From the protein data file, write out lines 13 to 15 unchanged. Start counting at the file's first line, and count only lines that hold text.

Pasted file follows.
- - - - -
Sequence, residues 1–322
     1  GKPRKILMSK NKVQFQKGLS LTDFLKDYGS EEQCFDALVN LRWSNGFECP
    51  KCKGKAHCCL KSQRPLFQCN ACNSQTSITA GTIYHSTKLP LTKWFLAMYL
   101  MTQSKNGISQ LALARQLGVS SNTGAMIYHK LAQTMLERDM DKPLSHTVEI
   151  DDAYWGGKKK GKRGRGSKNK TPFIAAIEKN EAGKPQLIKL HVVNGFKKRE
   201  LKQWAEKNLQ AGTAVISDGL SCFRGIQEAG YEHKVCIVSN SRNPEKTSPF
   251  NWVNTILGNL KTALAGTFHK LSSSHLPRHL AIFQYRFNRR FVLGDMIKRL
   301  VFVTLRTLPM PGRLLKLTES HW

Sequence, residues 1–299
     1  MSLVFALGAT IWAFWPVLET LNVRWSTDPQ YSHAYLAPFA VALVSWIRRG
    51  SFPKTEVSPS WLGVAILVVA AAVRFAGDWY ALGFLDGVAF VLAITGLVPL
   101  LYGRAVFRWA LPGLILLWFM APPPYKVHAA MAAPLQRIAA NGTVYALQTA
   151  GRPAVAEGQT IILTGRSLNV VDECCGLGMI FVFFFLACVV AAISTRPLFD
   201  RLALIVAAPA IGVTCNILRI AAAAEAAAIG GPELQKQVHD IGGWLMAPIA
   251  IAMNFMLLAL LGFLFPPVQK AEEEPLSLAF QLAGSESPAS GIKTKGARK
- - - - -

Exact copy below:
   151  GRPAVAEGQT IILTGRSLNV VDECCGLGMI FVFFFLACVV AAISTRPLFD
   201  RLALIVAAPA IGVTCNILRI AAAAEAAAIG GPELQKQVHD IGGWLMAPIA
   251  IAMNFMLLAL LGFLFPPVQK AEEEPLSLAF QLAGSESPAS GIKTKGARK